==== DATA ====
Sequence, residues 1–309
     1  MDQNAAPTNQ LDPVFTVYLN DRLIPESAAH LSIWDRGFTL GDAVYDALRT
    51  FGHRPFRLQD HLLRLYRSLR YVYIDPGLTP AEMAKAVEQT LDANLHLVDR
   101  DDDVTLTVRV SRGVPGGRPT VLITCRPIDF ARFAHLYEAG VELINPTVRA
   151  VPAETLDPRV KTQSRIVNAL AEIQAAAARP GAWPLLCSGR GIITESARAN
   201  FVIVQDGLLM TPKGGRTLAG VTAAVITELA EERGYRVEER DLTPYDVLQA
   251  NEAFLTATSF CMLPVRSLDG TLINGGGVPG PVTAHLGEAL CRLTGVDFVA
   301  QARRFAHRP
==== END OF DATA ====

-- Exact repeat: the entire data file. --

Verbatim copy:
Sequence, residues 1–309
     1  MDQNAAPTNQ LDPVFTVYLN DRLIPESAAH LSIWDRGFTL GDAVYDALRT
    51  FGHRPFRLQD HLLRLYRSLR YVYIDPGLTP AEMAKAVEQT LDANLHLVDR
   101  DDDVTLTVRV SRGVPGGRPT VLITCRPIDF ARFAHLYEAG VELINPTVRA
   151  VPAETLDPRV KTQSRIVNAL AEIQAAAARP GAWPLLCSGR GIITESARAN
   201  FVIVQDGLLM TPKGGRTLAG VTAAVITELA EERGYRVEER DLTPYDVLQA
   251  NEAFLTATSF CMLPVRSLDG TLINGGGVPG PVTAHLGEAL CRLTGVDFVA
   301  QARRFAHRP